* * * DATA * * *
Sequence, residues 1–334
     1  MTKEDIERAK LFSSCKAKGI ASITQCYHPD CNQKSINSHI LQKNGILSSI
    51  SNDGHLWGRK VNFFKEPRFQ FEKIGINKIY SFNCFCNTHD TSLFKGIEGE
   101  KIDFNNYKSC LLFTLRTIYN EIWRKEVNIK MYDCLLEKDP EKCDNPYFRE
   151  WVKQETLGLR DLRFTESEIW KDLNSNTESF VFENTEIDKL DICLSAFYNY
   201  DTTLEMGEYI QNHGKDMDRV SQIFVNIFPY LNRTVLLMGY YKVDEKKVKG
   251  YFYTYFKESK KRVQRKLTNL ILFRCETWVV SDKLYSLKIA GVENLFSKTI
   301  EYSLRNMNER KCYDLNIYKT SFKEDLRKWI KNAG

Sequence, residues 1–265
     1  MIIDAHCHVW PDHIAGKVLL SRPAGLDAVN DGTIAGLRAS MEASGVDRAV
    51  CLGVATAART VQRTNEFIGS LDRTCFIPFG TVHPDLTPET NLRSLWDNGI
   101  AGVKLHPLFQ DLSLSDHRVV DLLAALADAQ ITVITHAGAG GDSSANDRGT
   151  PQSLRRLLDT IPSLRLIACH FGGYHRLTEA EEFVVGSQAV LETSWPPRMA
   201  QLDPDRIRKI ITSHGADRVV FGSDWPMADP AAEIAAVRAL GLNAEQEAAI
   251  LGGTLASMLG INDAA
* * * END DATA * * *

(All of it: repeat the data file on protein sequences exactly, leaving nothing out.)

Sequence, residues 1–334
     1  MTKEDIERAK LFSSCKAKGI ASITQCYHPD CNQKSINSHI LQKNGILSSI
    51  SNDGHLWGRK VNFFKEPRFQ FEKIGINKIY SFNCFCNTHD TSLFKGIEGE
   101  KIDFNNYKSC LLFTLRTIYN EIWRKEVNIK MYDCLLEKDP EKCDNPYFRE
   151  WVKQETLGLR DLRFTESEIW KDLNSNTESF VFENTEIDKL DICLSAFYNY
   201  DTTLEMGEYI QNHGKDMDRV SQIFVNIFPY LNRTVLLMGY YKVDEKKVKG
   251  YFYTYFKESK KRVQRKLTNL ILFRCETWVV SDKLYSLKIA GVENLFSKTI
   301  EYSLRNMNER KCYDLNIYKT SFKEDLRKWI KNAG

Sequence, residues 1–265
     1  MIIDAHCHVW PDHIAGKVLL SRPAGLDAVN DGTIAGLRAS MEASGVDRAV
    51  CLGVATAART VQRTNEFIGS LDRTCFIPFG TVHPDLTPET NLRSLWDNGI
   101  AGVKLHPLFQ DLSLSDHRVV DLLAALADAQ ITVITHAGAG GDSSANDRGT
   151  PQSLRRLLDT IPSLRLIACH FGGYHRLTEA EEFVVGSQAV LETSWPPRMA
   201  QLDPDRIRKI ITSHGADRVV FGSDWPMADP AAEIAAVRAL GLNAEQEAAI
   251  LGGTLASMLG INDAA